Tag Archives: enemies

Without Love this is all Worthless


I had already been thinking of writing something about 1 Cor. 13 from a missionary point of view when a friend of mine posted this version that she had saved from her language school days. So I decided to save myself some time and just shamelessly share Cindy’s post.  

The point is that without love, missions is pointless.  I think some of us THINK  we have love, but when that emotion is twisted and broken by culture clash, then we realize that what we had was a sort of romanticization of missions.  We loved the IDEA of being missionaries rather than loving Jesus enough to love fallen humans.  

Love isn’t easy.  If you think it’s easy, you aren’t doing it right.  Jesus said even sinners love those who love them, so what’s the big deal if you do the same?  The really hard thing is to love those who don’t love you back, who hate you and your nationality and your skin color, who don’t want you in their country.  Now that’s real, gritty love.

love you

A GUIDE TO CULTURE (According to 1 Corinthians 13)

If I speak with the tongue of a national, without love, I am only a resounding gong or a clanging cymbal.

If I wear the national dress and understand the culture and all forms of etiquette, and if I copy all mannerisms so that I could pass for a national, but have not love, I am nothing.

Love endures long hours of language study, and is kind to those who mock his accent; love does not envy those who stayed home; love does not exalt his home culture; is not proud of his national superiority; does not boast about the way we do it back home; does not seek his own ways; is not easily provoked into telling about the beauty of his home country; does not think evil about this culture.

Love bears all criticisms about his home culture, believes all good things about this new culture, confidently anticipates being at home in this place, endures all inconveniences.

Love never fails, but where there is cultural anthropology, it will fail; where there is contextualization, it will lead to syncretism; where there is linguistics, it will change.

For we know only part of the culture, and we minister to only part.

But when Christ is reproduced in this culture, then our inadequacies will be insignificant.

When I was in America, I spoke as an American, I understood as an American, I thought as an American, but when I left America, I put away American things.

Now we adapt to this culture awkwardly, but we will live in it intimately. Now I speak with a strange accent, but He will speak to the heart.

And now these three remain: cultural adaptation, language study, and love.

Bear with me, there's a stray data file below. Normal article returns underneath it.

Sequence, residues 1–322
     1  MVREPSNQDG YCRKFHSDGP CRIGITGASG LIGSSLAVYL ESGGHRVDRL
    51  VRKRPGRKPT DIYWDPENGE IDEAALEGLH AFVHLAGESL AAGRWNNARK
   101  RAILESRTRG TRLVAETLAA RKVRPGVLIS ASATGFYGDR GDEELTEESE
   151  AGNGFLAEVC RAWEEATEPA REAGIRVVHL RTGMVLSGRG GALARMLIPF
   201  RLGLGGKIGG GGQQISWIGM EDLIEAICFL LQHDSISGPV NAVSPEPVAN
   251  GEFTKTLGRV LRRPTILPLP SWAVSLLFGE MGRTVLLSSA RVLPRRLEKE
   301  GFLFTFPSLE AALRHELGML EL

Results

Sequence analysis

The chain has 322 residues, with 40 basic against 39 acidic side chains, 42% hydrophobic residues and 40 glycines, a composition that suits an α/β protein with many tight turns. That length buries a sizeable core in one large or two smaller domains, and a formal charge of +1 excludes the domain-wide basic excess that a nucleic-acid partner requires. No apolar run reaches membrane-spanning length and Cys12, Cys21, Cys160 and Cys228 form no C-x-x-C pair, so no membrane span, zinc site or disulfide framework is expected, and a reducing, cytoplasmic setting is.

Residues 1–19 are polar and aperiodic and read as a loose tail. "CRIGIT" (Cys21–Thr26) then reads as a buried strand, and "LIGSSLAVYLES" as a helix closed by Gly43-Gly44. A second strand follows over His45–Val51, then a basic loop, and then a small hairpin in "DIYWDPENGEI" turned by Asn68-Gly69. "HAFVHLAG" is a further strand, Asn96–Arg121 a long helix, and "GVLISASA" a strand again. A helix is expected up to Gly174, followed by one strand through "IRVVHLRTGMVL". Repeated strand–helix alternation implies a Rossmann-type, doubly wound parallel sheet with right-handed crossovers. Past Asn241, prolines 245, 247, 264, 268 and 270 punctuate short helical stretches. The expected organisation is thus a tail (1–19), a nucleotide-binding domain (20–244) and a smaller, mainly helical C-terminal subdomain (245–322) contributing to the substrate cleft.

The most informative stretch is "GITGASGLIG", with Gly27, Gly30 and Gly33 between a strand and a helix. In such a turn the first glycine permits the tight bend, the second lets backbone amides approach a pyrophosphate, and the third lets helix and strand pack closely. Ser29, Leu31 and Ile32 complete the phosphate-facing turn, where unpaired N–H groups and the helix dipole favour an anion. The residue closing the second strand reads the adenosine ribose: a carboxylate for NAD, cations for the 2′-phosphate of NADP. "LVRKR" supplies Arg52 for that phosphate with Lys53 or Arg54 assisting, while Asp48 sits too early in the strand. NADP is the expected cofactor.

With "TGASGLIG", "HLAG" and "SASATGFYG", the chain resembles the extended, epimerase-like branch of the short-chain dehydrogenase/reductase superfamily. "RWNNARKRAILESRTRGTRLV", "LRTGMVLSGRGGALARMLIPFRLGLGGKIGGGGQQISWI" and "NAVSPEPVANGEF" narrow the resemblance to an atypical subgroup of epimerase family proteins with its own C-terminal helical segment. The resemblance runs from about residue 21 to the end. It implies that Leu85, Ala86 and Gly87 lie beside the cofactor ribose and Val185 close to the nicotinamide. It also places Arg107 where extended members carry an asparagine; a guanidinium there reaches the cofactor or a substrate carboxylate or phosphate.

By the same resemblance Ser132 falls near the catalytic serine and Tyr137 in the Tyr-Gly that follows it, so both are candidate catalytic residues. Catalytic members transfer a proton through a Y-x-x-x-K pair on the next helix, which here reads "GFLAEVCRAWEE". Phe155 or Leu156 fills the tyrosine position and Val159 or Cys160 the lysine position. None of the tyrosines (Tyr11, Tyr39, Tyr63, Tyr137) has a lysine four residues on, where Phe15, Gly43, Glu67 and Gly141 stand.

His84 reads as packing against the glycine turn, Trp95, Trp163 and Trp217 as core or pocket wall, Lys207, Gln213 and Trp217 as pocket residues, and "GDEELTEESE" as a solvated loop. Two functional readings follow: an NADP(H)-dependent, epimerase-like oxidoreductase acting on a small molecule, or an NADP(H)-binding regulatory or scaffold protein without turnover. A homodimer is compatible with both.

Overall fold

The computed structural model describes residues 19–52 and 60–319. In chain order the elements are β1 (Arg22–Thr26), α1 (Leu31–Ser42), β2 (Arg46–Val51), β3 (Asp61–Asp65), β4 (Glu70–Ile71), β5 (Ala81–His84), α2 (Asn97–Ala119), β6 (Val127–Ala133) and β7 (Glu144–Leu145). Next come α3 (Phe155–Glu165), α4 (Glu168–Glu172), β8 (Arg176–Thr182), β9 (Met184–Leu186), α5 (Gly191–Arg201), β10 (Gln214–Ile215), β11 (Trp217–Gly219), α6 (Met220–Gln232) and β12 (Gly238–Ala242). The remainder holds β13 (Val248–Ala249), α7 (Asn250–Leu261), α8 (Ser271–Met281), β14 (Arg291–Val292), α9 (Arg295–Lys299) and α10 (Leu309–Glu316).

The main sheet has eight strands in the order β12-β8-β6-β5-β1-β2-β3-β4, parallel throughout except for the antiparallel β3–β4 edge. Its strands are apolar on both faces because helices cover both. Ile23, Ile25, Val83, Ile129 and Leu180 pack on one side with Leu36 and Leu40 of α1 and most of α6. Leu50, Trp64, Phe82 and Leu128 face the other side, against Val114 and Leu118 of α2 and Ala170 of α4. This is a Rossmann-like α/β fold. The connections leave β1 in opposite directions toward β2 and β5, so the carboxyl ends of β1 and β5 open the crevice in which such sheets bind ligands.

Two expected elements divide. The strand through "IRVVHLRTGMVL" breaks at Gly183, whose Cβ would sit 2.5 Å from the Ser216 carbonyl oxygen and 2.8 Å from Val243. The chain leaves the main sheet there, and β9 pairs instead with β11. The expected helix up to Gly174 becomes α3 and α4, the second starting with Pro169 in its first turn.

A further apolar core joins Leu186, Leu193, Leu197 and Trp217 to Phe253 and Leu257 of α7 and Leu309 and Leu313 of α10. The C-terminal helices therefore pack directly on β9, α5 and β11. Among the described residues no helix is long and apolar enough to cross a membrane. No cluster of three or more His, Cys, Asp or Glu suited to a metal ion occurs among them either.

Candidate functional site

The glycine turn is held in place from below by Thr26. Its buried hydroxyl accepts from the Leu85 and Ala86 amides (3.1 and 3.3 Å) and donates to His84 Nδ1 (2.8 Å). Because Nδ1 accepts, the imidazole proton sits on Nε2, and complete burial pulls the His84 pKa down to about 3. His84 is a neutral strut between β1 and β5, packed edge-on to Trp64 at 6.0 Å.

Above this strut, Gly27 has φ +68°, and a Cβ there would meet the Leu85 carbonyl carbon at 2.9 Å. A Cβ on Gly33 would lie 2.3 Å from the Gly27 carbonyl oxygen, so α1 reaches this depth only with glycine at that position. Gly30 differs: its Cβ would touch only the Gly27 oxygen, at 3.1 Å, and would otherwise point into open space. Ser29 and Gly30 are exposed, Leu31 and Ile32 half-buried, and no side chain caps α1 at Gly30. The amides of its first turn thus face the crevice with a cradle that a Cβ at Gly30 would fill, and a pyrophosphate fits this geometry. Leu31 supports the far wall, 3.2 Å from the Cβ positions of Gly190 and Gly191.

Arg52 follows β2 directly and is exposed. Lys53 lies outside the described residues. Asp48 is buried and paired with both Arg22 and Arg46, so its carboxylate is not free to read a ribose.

Photo credit: <a href=”http://www.flickr.com/photos/brandoncwarren/4164759025/”>Brandon Christopher Warren</a> / <a href=”http://foter.com/Love/”>Foter.com</a&gt; / <a href=”http://creativecommons.org/licenses/by-nc/2.0/”>CC BY-NC</a>

The Most Dangerous Commandment


Can you love your enemies?

Can you love the guy who shot up a theater full of innocent people?  Can you love the Al-Qaeda terrorist who blows up a bus full of tourists?  Can you love the coach or the priest who molests children?  Can you love the angry people on the other side of the Chick-fil-A protest?  Can you love the ones who disrupt a military funeral with anti-war chants?  Can you love the drunk driver who tears apart a family with vehicular homicide?  Can you love the “friend” who disagrees with you on Facebook?  Can you love the woman who stole your husband?  Can you love the man who broke your heart?

Jesus commanded us to “Love your enemies and do good to those who hate you.”  Many people think of this command as the pinnacle of pacifist doctrine, like the best anti-war slogan you can find.  But it’s not that at all.  This is the most dangerous commandment ever given by Jesus.  Loving your enemies means getting close to the people who WANT to hurt you.  Loving your enemies is dangerous.

It’s going to cost you something.  There will be pain.  There will be tears.  There may be death.

Jesus knew exactly what he was asking you to do… because he did it himself first.  While we were still sinners- enemies of God- in open rebellion against him- Christ died for us.  It cost him something too.

There was pain.  There were tears.  There was death.

And then there was Victory.  Brilliant, Glorious Victory!

The kind of Victory that emptied the bowels of Death came through the One who lead by example.  He loved his enemies and died at their hands.  Even to the end, he asked his Father to forgive them for their ignorance.

It’s going to cost you.  Love your enemies and die to yourself.  Die to your right to Revenge.  Die to your human concept of Justice.  Die to your precious Freedom, your Independence.  Die to your possessions.  Die to your identity.  Die to your job.  Die to your family.  Die to all through Radical, Dangerous Love.